Context: The India-China border stand-off in the Galwan Valley, is a reminder of India’s perennial problems with China. This necessitates India to adopt an out of box policy such as deepening relationship with Taiwan.

Background of recent India-China tensions

  • China’s hardline approach towards India
    • The statements issued by Chinese government officials and the ministry of foreign affairs have made it clear that they are in no mood for a rapprochement.
    • What these clashes have confirmed is that this is not just about differing perceptions of the boundary, but China’s blatant attempts to change the status quo. 
  • Actions of China are in clear violation of the Agreement on the Maintenance of Peace and Tranquility along the Line of Actual Control (LAC) in the India-China border areas signed in 1993. 
  • Resolving the dispute
    • A full-fledged conflict is not in the interest of either country. In this scenario, India has no option but to engage China in a dialogue to defuse tensions.
    • But dialogue and confidence-building measures alone will not lead India towards a resolution of the problem. Past experiences show that China goes for boundary dispute resolutions only when it finds that the gains are tangible. 
  • Need of out of the box solutions for India
    • China’s aggressive posture towards India and the boundary dispute set the right context for why there could not be a better time for India to engage Taiwan meaningfully.
    • While ties with Taiwan should not be solely viewed through China’s lens, this has given a chance to both India and Taiwan to introspect on their policies and reach out to each other.

India’s current relations with Taiwan

  • Vision of the Indo-Pacific
    • Taiwan is already a part of the United States’ Indo-Pacific vision. It is surely an important geographical entity in the Indo-Pacific region. 
    • India’s vision of the Indo-Pacific is inclusive and it must encourage the participation of Taiwan and other like-minded countries. 
  • Taiwan’s New Southbound Policy
    • India is already a major focus country in New Southbound Policy by the current government of Taiwan, launched in 2016. 
    • Under this policy, Taiwan aims to increase its international profile by expanding political, economic, and people-to-people linkages. 
    • Unlike previous governments’ Go South policies, the New Southbound Policy is not about reducing dependence on China, but reaching out to countries of importance. 
      • For the first time, Taiwan has officially started looking towards the six South Asian countries — Bangladesh, Bhutan, India, Nepal, Pakistan, and Sri Lanka. 
    • India is certainly a steering wheel for Taiwan’s deepening engagement in the South Asian region.
  • One-China policy perspective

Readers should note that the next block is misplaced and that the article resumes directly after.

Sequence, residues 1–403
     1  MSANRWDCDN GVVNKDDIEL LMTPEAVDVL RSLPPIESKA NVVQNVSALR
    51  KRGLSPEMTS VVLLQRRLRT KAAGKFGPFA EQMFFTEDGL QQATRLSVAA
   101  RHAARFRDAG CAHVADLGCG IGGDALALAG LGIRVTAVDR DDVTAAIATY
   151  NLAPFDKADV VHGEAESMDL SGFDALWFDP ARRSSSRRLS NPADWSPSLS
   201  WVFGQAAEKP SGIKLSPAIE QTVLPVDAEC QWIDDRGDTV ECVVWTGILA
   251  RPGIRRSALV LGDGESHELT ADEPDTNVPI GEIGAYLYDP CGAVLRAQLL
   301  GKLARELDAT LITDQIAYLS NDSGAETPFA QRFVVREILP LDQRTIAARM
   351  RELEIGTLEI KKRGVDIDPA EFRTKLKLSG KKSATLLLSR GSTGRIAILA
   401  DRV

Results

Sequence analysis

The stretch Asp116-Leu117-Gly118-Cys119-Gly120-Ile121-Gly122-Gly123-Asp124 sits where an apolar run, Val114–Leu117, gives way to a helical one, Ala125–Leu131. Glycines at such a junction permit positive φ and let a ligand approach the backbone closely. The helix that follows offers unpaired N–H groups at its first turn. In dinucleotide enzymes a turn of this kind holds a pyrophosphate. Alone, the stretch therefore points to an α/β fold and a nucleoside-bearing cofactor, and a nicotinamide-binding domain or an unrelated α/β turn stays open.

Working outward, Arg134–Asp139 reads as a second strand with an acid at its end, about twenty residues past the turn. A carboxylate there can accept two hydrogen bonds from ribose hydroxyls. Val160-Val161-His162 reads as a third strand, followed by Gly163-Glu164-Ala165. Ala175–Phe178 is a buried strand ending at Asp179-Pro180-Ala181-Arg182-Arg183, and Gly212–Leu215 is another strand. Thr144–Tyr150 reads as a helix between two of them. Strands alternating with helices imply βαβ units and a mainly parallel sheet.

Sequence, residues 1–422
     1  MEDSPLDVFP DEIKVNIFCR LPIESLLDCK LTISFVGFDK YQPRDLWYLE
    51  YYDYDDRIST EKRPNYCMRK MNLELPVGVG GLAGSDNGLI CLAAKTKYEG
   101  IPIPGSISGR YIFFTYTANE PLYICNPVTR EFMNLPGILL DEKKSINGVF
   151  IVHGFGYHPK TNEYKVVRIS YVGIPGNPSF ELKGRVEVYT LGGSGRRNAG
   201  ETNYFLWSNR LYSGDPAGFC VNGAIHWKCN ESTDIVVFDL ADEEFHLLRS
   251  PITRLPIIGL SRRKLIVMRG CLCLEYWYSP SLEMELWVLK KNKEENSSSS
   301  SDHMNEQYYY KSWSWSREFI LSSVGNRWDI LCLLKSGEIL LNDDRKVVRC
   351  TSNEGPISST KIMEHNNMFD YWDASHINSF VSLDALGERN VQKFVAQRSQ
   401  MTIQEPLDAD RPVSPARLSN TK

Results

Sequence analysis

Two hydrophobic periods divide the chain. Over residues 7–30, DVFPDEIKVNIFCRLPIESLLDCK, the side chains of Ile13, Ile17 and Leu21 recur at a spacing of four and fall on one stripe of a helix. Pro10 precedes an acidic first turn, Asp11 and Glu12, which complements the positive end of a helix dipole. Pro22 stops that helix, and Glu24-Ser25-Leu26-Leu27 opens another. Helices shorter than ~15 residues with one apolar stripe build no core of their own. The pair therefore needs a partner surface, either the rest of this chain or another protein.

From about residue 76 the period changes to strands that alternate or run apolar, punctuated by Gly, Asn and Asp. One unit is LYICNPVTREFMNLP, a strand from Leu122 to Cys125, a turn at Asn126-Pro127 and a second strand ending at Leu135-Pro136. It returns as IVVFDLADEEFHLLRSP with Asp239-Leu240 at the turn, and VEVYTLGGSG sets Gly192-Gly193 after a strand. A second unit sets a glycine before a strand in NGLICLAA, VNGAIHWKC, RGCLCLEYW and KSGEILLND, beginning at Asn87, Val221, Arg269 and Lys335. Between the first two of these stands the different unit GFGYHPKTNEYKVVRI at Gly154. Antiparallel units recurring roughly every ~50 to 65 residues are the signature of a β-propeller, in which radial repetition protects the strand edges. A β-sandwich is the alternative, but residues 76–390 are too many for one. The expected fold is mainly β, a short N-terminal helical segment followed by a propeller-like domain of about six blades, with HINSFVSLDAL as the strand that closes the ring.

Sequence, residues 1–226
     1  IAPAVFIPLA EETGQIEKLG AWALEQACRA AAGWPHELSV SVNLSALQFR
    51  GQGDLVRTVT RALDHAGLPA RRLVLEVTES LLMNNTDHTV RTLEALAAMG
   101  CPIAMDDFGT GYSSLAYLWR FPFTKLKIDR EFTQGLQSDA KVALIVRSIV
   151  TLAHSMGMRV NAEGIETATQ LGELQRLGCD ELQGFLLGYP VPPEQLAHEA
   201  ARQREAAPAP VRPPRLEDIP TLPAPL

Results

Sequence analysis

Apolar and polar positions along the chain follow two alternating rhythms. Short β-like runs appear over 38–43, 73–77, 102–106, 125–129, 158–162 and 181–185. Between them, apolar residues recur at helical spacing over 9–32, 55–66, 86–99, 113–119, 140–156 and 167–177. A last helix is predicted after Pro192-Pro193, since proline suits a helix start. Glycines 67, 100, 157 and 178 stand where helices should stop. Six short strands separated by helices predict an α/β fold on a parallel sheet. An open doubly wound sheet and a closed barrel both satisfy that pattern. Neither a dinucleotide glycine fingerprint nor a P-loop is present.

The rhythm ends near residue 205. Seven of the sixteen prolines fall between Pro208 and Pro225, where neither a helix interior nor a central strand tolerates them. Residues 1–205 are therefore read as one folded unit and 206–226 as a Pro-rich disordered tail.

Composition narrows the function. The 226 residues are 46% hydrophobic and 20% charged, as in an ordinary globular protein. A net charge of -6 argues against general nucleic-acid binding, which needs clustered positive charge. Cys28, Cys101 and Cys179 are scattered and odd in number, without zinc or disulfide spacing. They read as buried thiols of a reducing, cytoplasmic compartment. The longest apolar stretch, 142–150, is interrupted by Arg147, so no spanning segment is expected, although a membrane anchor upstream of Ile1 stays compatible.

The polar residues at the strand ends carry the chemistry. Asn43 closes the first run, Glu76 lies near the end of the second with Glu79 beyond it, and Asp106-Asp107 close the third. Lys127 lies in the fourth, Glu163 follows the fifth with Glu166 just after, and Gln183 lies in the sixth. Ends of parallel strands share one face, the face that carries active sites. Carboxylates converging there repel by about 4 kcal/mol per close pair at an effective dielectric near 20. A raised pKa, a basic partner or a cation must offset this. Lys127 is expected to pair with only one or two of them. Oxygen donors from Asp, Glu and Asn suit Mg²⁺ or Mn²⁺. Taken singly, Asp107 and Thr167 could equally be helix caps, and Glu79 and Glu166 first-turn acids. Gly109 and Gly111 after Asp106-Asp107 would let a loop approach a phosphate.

• India currently does not have formal diplomatic ties with Taiwan yet as it adheres to the One-China policy.
    • However, there are instances of deviation from the one-China policy by India
      • During the then Chinese premier visit to India in December 2010, India took a bold step by not mentioning support for China’s One-China policy in the joint communique released on December 16. 
      • Also, in 2014, India adopted an out-of-the-box approach by inviting Taiwan’s representative to India, along with, president of the Central Tibetan Administration to his 2014 swearing-in ceremony.
      • Recently, two Indian parliamentarians also virtually attended the swearing-in ceremony of Taiwan President Tsai Ing-wen.
  • Non-consistent approach by India
    • Despite China’s disregard for India’s territorial integrity and sovereignty, in both letter and spirit, India has not shown consistency in maintaining relations with Taiwan.
    • India’s China policy and its focus on stabilizing relations with China have led to the marginalization of Taiwan.
      • When China protested the visit of an all-women parliamentarian delegation from Taiwan to India in 2018, the momentum in India-Taiwan ties further slowed down.

Way ahead

  • Utilizing Taiwan’s position
    • Best practices in dealing with the Covid-19 pandemic
      • Taiwan has had remarkable success in dealing with the coronavirus pandemic. This is interesting given how more developed and powerful states have faltered in handling the crisis. 
      • However, Taiwan was not even offered an international platform where it could share its best practices. Denying Taiwan a place at the World Health Assembly is a case in point. 
      • India also has not tried to engage Taiwan in dealing with the pandemic. Through its response to COVID-19, Taiwan has shown that it is beneficial to engage with it.
    • Taiwan’s possible role in the emerging Indo-Pacific order
      • Currently, Taiwan’s possible role in the emerging Indo-Pacific order has been under-appreciated. 
      • Therefore India’s foreign policy priorities, particularly with regard to the Indo-Pacific, should accommodate Taiwan. 
  • Moving away from the traditional approach
    • Along with military preparedness and aligning interests with key countries, Taiwan needs to be included prominently in India’s long-term strategy towards China.
    • India can no longer just rely on the transactional and need-based policies of major powers. 
    • Ultimately, India has to explore alternative approaches. This makes even more sense when Taiwan is willing to strengthen ties with India and even domestic debate is tilting in favor of this.

It is time India reviews its policy towards Taiwan and engages with it more comprehensively.